Smoking Cessation Referrals

Project Lead: Maryam Mussa Hassan Qadri Akash Ratnasingham


To increase the percentage of referrals of current smokers to the Tobacco Dependency Team by 50% in the Respiratory Wards over a 2-week period. Our goal was to improve patient outcomes by enabling continuity of care.

Why is this important to service users, carers, and/or staff?

Smoking tobacco is a uniquely dangerous and addictive behaviour which has killed millions in the UK alone. There is extensive evidence displaying highly effective interventions that can help people reduce or quit smoking. However, the rate of inpatient Tobacco Dependency Team referrals was too low. Therefore, an interventions designed to mitigate this problem could reduce the rate long-term smokers, reducing the rate of side-effects/complications therefore reducing the rate of inpatient admissions. This would help patients live longer and healthier lives but would also reduce burden on staff and on bed capacity by potentially reducing the number of patients.

Tests of change

We measured the numbers of patients who were smokers on admission or just before admission. We then calculated the efficacy of existing tobacco dependency team referrals by noting how many of those patients were asked, offered a referral, and then referred to the Tobacco Dependency Team and expressed that as a percentage. This data was collected by two F1s who visited the Respiratory Wards and asked patients or checked AMU clerking booklets. We planned to measure success by measuring and calculating the increase in the percentage of successful referrals after our intervention.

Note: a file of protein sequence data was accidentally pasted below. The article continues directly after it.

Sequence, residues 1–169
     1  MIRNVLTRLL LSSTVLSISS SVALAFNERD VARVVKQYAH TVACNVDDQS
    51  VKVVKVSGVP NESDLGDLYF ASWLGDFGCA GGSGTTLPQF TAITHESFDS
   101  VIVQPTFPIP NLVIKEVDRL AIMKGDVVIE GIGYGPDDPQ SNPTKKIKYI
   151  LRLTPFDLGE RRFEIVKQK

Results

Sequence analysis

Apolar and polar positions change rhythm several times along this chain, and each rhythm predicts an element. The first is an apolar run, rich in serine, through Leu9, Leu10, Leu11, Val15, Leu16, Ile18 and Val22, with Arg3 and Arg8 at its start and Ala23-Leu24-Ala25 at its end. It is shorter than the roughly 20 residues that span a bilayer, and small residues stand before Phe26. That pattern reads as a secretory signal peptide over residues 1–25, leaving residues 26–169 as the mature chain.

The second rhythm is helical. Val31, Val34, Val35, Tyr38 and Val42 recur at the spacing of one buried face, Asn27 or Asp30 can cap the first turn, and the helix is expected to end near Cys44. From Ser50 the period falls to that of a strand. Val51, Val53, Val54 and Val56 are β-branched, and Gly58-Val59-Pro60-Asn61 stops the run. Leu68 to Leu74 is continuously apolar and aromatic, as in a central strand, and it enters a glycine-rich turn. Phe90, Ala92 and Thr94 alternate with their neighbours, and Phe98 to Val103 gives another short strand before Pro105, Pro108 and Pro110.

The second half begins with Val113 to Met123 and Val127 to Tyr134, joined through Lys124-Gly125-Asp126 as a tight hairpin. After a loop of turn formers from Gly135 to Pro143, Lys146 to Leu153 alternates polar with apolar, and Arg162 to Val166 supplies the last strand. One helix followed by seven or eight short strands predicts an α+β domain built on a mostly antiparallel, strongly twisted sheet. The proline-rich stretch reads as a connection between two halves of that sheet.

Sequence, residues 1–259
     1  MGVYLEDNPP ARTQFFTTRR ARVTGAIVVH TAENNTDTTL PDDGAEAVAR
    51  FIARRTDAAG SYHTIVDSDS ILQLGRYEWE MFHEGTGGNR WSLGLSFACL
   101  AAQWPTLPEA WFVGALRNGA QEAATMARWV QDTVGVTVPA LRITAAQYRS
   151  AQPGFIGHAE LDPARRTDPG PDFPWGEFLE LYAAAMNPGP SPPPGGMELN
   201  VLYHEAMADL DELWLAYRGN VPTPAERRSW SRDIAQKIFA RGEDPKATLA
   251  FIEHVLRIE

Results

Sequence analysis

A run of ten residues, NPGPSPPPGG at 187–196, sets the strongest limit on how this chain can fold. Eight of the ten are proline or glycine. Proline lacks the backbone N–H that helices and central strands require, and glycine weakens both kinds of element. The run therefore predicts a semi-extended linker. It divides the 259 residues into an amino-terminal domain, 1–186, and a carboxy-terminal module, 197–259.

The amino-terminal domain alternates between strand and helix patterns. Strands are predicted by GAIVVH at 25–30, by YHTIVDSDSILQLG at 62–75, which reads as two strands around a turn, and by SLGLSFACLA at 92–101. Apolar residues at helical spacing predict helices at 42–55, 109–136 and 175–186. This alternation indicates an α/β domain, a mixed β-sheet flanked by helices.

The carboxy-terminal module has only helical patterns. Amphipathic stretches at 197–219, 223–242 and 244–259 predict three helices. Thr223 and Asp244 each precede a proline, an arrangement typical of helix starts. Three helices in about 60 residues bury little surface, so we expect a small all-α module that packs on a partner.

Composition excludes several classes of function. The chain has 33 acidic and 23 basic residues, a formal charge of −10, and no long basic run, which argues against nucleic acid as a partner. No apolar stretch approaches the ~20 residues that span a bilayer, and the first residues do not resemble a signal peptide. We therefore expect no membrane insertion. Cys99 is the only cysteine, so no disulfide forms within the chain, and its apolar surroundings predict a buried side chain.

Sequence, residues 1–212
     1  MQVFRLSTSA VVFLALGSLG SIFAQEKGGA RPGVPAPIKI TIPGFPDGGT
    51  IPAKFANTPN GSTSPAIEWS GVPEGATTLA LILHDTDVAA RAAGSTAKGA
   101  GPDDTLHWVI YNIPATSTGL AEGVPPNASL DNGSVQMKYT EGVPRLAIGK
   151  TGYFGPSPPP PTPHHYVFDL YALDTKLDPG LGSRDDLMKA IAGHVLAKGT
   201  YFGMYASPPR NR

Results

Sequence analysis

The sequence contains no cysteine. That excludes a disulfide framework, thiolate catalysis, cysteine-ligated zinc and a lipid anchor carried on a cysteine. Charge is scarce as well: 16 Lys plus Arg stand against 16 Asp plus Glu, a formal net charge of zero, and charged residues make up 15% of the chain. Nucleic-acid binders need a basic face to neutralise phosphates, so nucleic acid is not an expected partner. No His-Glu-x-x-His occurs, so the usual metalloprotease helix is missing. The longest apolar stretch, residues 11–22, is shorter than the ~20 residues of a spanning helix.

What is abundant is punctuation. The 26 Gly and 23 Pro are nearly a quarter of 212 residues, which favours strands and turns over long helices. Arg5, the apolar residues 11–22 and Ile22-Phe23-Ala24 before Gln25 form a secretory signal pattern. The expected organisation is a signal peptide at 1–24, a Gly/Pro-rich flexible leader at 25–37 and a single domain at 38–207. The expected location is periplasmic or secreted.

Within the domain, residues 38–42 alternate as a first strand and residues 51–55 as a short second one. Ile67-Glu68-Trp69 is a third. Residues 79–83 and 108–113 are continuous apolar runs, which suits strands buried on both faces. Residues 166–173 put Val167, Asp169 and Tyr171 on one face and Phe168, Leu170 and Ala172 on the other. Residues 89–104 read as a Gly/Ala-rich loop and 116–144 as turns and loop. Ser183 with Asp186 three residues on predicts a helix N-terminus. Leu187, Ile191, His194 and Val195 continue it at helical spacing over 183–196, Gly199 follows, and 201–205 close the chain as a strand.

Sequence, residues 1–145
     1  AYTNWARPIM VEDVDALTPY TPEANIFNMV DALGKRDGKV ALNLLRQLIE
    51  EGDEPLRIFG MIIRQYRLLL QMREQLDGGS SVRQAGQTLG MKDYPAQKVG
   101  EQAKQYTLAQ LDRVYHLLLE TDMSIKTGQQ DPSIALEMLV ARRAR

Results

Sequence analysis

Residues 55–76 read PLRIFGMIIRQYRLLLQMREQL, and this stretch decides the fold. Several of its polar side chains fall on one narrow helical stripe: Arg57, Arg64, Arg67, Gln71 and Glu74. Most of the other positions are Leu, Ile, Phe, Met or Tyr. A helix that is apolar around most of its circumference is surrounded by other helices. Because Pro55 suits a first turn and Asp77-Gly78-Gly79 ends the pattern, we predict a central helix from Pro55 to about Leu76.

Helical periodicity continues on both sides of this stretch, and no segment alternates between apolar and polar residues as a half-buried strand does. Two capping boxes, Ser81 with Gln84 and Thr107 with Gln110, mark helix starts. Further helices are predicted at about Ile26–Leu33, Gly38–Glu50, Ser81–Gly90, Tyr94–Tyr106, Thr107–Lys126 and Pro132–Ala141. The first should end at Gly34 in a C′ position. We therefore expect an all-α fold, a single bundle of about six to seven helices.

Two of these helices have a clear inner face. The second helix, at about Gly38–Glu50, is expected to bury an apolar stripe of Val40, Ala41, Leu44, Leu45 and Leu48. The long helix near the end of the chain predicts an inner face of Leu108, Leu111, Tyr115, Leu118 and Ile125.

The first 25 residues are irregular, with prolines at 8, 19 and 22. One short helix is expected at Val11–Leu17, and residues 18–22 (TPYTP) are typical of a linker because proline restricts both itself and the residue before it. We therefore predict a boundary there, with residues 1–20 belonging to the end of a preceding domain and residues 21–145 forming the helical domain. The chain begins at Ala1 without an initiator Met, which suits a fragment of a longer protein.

Tools and how we used them

We used a few methods to convey the process behind smoking cessation referrals. Through the use of posters detailing the referral pathway combined with face to face teaching we were able to educate the relevant professionals. We targeted both junior doctors and ward clerks, updating them on the tobacco dependency team, their role and the referral process. We went onto collect our pre and post intervention data and compare the uptake. Our project was structured around our smart aims set out prior to commencement.

Results: What did the data say and what were the outcomes?

Unfortunately we were not able to meet our target of 50 % increase in referral rates. The referral rate prior to our intervention was 40 % and post intervention it was 12 % resulting in a 28 % decrease. Our results were affected by various factors: junior doctors being extremely busy and low staffing levels, not all the staff received face to face training, the poster contained too much information are some of the confounding factors. We hope to learn from this project and approach it differently for our next cycle.

Learning and next steps

We hope to carry out our next cycle over a longer period of time to increase the number of data points hence make our data less skewed by confounding factors. We learnt the importance of involving all the staff members who are based on the ward. Making an interactive quick teaching prior to the junior doctor respiratory teaching that happens every Tuesday will help us overcome this challenge. We hope to expand our data collection over more medical wards and use more eye catching, succinct posters. The next phase of our project hopes to look at the prescription of NRT in those patients who have been referred to the tobacco dependency team and evaluate the prescriptions to identify any discrepancies against the guidelines.

Can we help? Got an idea?

We'd love to hear from you.

Get in touch